A Hewlett-Packard assessment of Apple iOS applications in the commercial segment says 90% have security flaws and 86% of tested apps are unable to defend against exploits such as cross-site scripting. "It is our earnest belief that the pace and cost of development in the mobile space has hampered security efforts," HP's report says.
Online parts dealer IFixit has drawn a large following with blog posts about dissecting newly released gadgets. The attention has brought in new business, and its findings have even affected the stock prices of parts manufacturers involved in certain high-profile products, such as Apple's latest iPhone. "It definitely moves stocks. Apple products are symbolically significant. They tend to influence the rest of the industry," said IFixit's Kyle Wiens.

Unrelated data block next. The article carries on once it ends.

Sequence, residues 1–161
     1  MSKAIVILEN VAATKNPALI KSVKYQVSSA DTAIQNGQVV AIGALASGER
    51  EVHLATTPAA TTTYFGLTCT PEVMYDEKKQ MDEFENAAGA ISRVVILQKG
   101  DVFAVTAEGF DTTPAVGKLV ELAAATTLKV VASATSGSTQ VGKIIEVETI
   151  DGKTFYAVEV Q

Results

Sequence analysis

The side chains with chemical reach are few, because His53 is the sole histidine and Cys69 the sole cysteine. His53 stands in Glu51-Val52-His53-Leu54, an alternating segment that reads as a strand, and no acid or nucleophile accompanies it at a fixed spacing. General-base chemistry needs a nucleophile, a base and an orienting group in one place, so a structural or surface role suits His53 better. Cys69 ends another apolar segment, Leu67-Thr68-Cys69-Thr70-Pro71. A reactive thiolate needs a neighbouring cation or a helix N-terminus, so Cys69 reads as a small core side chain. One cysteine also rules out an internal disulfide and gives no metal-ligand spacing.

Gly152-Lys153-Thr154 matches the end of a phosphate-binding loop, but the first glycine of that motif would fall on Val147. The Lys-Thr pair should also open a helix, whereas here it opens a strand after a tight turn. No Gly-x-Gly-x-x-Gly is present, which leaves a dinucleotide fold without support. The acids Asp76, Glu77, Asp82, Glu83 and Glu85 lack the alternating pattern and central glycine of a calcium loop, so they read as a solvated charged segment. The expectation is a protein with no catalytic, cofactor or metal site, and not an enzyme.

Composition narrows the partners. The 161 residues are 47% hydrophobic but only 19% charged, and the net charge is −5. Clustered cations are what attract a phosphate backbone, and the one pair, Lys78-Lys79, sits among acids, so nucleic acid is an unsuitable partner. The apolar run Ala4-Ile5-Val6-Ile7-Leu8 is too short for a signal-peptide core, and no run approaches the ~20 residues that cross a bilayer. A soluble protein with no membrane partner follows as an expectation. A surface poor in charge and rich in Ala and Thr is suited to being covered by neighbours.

Apple has succeeded beyond analysts' expectations, becoming the second-largest U.S. company by focusing on the long term and ignoring conventional business wisdom, Farhad Manjoo writes. Lessons other businesses can learn from Apple's rise include being willing to work on projects in secrecy, making top-down decisions and turning down ideas that don't fit with your vision, he writes.
Promising employees need special support from their boss to reach their full potential, Cy Wakeman writes. Spot your top employees, focus on those visionaries and be sure to reward them adequately, she suggests. "Compensate your best people in direct proportion to the value they deliver, not according to their effort, hours clocked or daily tasks accomplished," Wakeman writes.